The Business World -- Especially Home Builders -- Actively Prepares for Climate Change

It seems that nearly every day now, we read another headline about new high temperature records being broken throughout the world. 

Fortunately, like much of the private sector, the building industry is not waiting for a national political consensus to seriously address climate change, and has stepped up with a combination of clever planning, innovative products, and whole-house systems which also help make the case why buying a newly constructed home is smarter than ever.

The challenge seems overwhelming: If the world hopes to keep temperatures rising well below 2.0 Celsius (3.6 Fahrenheit) by 2060 from pre-industrial times, CO2 emissions from buildings will need to drop by 85 percent. Between now and then – and as outlined in a new initiative for the City of Los Angeles -- that means new buildings must be zero-carbon by 2030, with both new and existing buildings becoming zero-carbon by 2050.

The buildings in which we live, work and play demand energy in two forms: The operating energy needed to fuel their daily operations, and embodied energy, which includes everything required to construct them. Globally, almost 40 percent of energy used is related to building construction and operation, and both steel and concrete require enormous sums of energy to produce.

According to the Department of Energy, U.S. buildings account for 39 percent of primary energy consumption and 72 percent of all electricity consumed domestically.  Including embodied energy, the United Nations calculates that our buildings contribute nearly half of total U.S. emissions.

However, since we’re not about to go back to living in caves and hunting for our next meal, what can we do?  Prepare.

Insurance companies, institutional investors and central banks around the world are actively planning for the consequences of more volatile weather across the world.  The EPA recently published a report advising communities on how to plan for the debris left behind by natural disasters, while CoreLogic’s RiskMeter service combines its vast databases with PhD-level scientists to model future risks to property including floods, storm surges, wildfires, earthquakes, wind, hail and more.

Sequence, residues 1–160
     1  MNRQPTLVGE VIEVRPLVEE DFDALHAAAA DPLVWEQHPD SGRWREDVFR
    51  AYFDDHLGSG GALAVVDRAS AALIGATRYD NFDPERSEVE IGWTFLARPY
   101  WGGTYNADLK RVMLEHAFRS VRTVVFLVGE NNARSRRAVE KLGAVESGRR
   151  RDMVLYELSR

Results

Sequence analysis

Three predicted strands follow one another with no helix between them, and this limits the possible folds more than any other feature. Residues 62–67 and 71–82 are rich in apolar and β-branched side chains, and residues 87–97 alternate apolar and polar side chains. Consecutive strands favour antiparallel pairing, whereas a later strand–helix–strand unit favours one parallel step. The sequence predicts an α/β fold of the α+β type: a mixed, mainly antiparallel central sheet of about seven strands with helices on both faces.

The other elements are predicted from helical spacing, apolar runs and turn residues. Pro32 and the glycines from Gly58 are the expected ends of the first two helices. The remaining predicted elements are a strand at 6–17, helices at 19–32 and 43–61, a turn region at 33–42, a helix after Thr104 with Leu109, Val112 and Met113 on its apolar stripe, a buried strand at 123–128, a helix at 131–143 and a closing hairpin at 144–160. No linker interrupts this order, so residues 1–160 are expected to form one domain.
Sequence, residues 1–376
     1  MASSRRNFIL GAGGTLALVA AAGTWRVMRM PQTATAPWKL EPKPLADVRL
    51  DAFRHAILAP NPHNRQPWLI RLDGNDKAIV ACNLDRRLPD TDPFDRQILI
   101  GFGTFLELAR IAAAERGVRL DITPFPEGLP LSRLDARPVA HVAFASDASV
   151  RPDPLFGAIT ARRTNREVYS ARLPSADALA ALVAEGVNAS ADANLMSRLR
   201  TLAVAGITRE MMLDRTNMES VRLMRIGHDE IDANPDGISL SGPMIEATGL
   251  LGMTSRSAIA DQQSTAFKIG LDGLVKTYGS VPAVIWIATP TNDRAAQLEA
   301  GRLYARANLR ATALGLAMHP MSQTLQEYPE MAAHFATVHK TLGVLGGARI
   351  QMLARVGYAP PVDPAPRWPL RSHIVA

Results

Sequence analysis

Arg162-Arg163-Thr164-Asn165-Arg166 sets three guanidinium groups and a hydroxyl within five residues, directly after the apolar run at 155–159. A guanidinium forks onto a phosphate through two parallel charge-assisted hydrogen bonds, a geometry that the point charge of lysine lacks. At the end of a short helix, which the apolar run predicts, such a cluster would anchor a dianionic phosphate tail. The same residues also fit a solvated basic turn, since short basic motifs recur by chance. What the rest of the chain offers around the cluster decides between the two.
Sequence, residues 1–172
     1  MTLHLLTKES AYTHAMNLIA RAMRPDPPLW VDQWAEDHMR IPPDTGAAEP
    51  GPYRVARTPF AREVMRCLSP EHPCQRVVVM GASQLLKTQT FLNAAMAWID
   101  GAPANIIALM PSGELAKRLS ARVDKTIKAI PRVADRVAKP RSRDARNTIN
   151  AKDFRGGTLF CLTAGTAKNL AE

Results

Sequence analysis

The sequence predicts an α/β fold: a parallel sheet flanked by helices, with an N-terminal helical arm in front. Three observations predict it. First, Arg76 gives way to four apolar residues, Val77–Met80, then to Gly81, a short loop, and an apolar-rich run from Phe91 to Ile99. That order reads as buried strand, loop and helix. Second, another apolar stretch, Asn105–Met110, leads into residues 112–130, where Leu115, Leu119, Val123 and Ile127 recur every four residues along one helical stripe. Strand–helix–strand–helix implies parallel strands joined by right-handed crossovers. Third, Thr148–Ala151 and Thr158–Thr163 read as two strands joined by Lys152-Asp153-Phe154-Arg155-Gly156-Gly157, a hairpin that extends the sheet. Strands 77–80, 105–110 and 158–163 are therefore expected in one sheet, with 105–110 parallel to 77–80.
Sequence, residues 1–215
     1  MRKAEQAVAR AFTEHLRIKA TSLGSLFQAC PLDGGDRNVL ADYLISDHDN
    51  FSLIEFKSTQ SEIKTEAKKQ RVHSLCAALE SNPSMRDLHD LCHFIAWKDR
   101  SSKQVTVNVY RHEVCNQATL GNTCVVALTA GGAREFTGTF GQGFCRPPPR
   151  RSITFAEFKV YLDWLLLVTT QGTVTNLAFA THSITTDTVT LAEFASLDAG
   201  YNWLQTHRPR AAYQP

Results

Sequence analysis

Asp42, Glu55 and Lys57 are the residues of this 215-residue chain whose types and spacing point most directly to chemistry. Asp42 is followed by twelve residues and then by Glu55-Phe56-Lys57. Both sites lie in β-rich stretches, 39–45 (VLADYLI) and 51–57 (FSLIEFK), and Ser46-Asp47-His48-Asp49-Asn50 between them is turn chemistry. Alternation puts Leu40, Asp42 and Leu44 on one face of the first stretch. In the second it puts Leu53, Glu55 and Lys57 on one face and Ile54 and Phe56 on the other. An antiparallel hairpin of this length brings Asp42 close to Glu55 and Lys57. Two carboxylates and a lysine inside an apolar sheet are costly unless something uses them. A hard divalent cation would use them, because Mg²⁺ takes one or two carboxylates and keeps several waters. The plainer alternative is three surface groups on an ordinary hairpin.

Last fall was also the launch of The Investor Agenda, with the motto “Accelerating Action for a Low-Carbon World.”  This group of over 400 institutional investors around the world, which together have $32 trillion under management, provides a framework for them to share actions and commitments for four key areas: Investment, Corporate Engagement, Investor Disclosure, and Policy Advocacy.

Here in the U.S., investing giants BlackRock, Vanguard, State Street Global Advisors and others are backing the Sustainability Accounting Standards Board, a nonprofit organization which seeks to standardize and increase corporate environmental disclosures.

Given that 85 percent of respondents to Harvard Law School’s 2019 Institutional Investor Survey viewed climate change as the most important sustainability topic, it’s likely that both multi-national construction giants and public home builders will eventually face increasing scrutiny.

Central banks around the world, including the European Central Bank and the Bank of England, are also getting involved, with the goal of maintaining financial stability with new standards for financial disclosures and classifications for green assets.

In California, the government is requiring all new homes in buildings of up to three stories to provide solar panels by the beginning of 2020, which is expected to add $8,000 to $12,000 to the sales price.  Based on a 30-year mortgage, the state’s Energy Commission projects that while these new standards will add about $40 to an average monthly payment, they’ll also save consumers about $80 on monthly bills for heating, cooling and lighting.

The building industry itself has already made huge strides tackling climate change, but there is clearly more to do.  Nationally, the percentage of commercial office space certified by LEED or Energy Star in 2017 was 38 percent, up from less than five percent in 2005.  Similarly, the share of green single-family homes rose from just two percent in 2005 to 33 percent by 2017.   The share is expected to increase to nearly 50 percent for both single- and multi-family homes by 2022.

Moreover, those builders which include smart home products which also conserve resources – such as TRI Pointe Homes’ HomeSmart™ and LivingSmart® systems – have found that sustainable homes generally find more demand from buyers, with one study from the Earth Advantage Institute finding a premium of up to eight percent over conventional homes.  This premium extends even more to the resale market, with green homes selling for up to 30 percent more than traditional existing homes, and often selling faster.